My name is Llona. I am a researcher, I’ve lived on four continents and I am passionate about science, philosophy, medicine and everything in between. My background is in biology and philosophy research and I also have a master in Bioetics and Society from King’s College London. I’ve done research on cancer, infectious disease, ethics of live organ transplantation, philosophical bioetics, sex robots, COVID-19 both wet lab and science advice, and more recently I got really interested in the philosophy of technology methods and how to apply them to bioetics and medicine. I am based at TU Delft and will be  following up on my interests and investigate the advent of artificial womb technology in collabroation with experts from the research program om the Ethics of Socially Disruptive Technologies (ESDIT).

When I am not in the lab or the ivory tower I practice TKD (Tae Kwon Do), and I really enjoy reading, deep conversations and random encounters. I’m an avid tea drinker, indefatigable beach goer, and I love to watch and analyze anime. Follow me

Kaden Loring

I am born and raised in the very rural state of Kansas. After high school I moved to Miami, Florida where I began my university studies in sports administration while competing as a student-athlete in cross country and track. After my second year of university, I transferred to the University of Florida (UF) and officially changed my major to physics. In May 2020, I graduated with a B.S. in physics from UF. I then accepted a job offer which was to take me to Perth, Australia to do remote sensing research for physical oceanography in the Indian Ocean. However, the pandemic prevented this job from coming to fruition. I spent January – September 2021 adventuring across America, including a three month backpacking trip through the Mountain West (having now visited 47 U.S. states).

In September 2021, I began my PhD studies in Applied Physics at Stanford University. My PhD studies concentrate on nuclear fusion energy research. In the course of my undergraduate and graduate studies, I have had the pleasure to work or intern with the Ohio State University (designing hybrid electric vehicles), NASA Goddard (analyzing failures and anomalies on satellites), Stanford Linear Accelerator (a Department of Energy Lab, doing nuclear fusion research), and Lawrence Livermore National Lab (another Dept of Energy lab, nuclear fusion research). While in the Netherlands, I will be working at the Dutch Institute for Fundamental Energy Research (DIFFER) and completing a few relevant nuclear fusion courses at the Technical University of Eindhoven. My project at DIFFER involves making measurements on the Magnum-PSI linear plasma device that are relevant to keeping future nuclear fusion devices (like the tokamak, ITER, being built in Cadarache, France) safe during operation.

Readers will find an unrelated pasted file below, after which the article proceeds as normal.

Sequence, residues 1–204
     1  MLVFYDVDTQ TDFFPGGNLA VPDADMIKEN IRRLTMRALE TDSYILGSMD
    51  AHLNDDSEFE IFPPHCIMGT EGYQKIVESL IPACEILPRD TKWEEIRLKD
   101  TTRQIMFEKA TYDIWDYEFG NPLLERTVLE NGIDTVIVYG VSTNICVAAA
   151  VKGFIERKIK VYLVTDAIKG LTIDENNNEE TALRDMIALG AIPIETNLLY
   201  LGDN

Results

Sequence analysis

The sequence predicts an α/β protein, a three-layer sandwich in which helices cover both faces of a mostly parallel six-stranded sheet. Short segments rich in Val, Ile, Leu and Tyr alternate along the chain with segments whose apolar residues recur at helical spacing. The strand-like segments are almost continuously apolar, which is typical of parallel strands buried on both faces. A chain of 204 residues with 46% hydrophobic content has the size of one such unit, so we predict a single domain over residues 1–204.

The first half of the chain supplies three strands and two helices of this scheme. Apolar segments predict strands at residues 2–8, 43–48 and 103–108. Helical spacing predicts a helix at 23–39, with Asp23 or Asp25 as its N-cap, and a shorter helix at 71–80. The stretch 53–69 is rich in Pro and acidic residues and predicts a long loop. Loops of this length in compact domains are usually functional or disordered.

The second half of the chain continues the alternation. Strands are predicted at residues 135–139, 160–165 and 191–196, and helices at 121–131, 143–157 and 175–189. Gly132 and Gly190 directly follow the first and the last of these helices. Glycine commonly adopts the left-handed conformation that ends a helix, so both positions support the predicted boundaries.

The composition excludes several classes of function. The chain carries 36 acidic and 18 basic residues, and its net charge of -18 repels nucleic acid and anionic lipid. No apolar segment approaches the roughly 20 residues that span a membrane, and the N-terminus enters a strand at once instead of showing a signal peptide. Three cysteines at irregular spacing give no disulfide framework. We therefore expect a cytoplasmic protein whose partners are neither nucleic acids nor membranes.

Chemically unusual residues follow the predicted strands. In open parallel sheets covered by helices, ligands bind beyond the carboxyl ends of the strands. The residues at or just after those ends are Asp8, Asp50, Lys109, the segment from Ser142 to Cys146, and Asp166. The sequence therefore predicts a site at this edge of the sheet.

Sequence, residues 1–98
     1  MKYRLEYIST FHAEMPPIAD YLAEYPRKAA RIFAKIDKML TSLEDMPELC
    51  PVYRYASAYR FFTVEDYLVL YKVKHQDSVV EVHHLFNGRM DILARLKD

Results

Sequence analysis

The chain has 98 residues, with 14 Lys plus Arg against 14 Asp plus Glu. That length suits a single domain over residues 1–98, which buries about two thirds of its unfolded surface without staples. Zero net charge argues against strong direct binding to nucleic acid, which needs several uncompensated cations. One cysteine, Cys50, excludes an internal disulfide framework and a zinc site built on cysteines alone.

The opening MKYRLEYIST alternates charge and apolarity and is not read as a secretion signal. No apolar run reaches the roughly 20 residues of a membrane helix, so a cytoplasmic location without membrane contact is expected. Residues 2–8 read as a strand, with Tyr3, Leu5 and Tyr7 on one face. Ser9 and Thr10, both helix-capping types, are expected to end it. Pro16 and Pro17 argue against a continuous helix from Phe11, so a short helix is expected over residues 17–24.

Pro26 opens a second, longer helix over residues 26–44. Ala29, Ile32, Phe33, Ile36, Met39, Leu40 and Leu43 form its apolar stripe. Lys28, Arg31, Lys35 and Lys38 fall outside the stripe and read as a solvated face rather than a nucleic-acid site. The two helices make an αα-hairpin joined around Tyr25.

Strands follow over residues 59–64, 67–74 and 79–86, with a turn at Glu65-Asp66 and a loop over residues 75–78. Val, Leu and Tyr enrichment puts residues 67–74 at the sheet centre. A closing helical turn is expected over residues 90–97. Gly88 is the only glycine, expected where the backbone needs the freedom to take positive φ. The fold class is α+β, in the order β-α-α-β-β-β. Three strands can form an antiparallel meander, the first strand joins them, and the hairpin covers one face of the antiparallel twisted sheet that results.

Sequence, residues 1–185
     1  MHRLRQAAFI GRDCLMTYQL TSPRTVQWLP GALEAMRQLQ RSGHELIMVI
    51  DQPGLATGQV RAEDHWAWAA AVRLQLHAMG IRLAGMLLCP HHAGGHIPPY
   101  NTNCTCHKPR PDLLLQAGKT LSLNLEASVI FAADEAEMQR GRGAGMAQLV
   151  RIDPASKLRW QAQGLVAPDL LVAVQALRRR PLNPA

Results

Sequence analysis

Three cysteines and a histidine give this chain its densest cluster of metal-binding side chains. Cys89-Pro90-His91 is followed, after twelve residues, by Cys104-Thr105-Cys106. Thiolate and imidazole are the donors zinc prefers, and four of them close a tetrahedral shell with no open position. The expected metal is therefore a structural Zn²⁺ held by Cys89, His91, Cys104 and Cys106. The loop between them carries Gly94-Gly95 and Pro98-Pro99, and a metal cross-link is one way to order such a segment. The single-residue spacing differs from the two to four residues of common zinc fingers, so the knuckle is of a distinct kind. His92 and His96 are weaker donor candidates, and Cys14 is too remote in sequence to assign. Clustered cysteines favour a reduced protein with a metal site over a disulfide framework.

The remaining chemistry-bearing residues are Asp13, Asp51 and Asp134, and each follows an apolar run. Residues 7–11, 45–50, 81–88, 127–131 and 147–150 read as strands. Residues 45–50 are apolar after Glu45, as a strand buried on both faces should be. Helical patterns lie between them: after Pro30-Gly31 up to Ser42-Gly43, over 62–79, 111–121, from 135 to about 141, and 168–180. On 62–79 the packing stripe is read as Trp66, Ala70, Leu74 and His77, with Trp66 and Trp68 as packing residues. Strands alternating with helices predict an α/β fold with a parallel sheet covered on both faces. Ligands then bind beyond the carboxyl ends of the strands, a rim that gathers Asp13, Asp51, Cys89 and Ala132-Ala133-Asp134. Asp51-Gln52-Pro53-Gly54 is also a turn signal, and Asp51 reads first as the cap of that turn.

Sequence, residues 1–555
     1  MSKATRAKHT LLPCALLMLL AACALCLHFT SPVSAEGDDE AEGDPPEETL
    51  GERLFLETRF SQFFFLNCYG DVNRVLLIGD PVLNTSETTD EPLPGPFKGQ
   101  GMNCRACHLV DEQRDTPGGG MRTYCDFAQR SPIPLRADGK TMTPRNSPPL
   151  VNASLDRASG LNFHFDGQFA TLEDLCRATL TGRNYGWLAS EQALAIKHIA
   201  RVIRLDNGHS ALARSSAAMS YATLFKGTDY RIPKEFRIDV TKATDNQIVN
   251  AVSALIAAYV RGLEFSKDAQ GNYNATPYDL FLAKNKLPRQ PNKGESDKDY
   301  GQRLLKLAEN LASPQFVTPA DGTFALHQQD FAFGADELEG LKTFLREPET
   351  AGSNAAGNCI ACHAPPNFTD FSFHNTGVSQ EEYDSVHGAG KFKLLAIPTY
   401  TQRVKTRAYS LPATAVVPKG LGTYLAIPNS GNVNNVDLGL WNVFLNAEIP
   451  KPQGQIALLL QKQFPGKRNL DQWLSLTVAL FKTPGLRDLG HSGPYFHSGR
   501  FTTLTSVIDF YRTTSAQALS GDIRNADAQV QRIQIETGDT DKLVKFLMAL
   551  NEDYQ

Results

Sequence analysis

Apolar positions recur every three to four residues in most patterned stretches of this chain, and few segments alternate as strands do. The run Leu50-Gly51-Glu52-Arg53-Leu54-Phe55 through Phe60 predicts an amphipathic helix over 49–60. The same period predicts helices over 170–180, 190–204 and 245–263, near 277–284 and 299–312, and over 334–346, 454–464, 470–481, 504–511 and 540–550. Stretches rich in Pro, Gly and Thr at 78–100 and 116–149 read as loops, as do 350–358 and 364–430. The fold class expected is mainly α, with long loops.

Nicole Occidental

I’m originally from Little Rock, Arkansas, but I went to school at Northeastern University in Boston, Massachusetts, where I graduated in May 2022. I majored in Behavioral Neuroscience with a minor in Health, Humanities, and Society. As an undergraduate, I worked at research labs at Northeastern, Harvard Medical School, and Massachusetts General Hospital studying a wide range of topics from how exercise affects our cognitive health to the neural circuits underlying prosocial behaviors and theft. I’m currently pursuing my Master’s in Psychology specializing in Cognitive Neuroscience at Maastricht University as part of the Fulbright U.S. Student Program, and I hope to later study for an MD-PhD. Outside of school, I enjoy going to art museums, learning how to longboard dance, travel, and run my food Instagram (@nibbles_and_noms).

Sidny Schlosser

I am from Tampa, Florida where I grew up and graduated from the University of South Florida with two bachelors: a B.S. in Molecular Biology and a B.A. in Economics in Spring 2021. During my bachelor’s studies I worked in neuroscience research, clinical research and health economics research while volunteering at a horse therapy farm. I am now pursing a master’s in Health Economics at Erasmus University Rotterdam and am involved in Health Economics research in quality of life for long term care in the Dutch Healthcare system as part of my Fulbright grant.

My personal hobbies are free diving and paddle boarding as well as yoga and bouldering. Growing up in Florida I was always in the water so I learned to free dive at a pretty young age. I am hoping to get involved in some water-based sports in Rotterdam now that I am settled here! Looking forward to hearing from you soon!

Natascha Stamler

Natasha is a New Yorker passionate about improving the resiliency and sustainability of cities in the face of climate change-induced hazards, especially heat and air pollution. She recently graduated with a Bachelor of Science from the Massachusetts Institute of Technology (MIT), where she double majored in Mechanical Engineering and [Urban] Planning. During her time at MIT, Natasha worked on projects at the intersection of engineering and planning, including designing a greenhouse for Mars, optimizing the energy usage of a concrete building, and analyzing heat mitigation strategies for New York City. Natasha is currently a Fulbright Scholar at TU Eindhoven in the Netherlands, where she is researching how existing buildings can be renovated to improve their energy efficiency and the experience of the people using them. She will be returning to MIT next year to complete her MS/PhD in Mechanical Engineering, focusing on Energy. Outside of research, Natasha enjoys exploring new places, cooking, and playing soccer.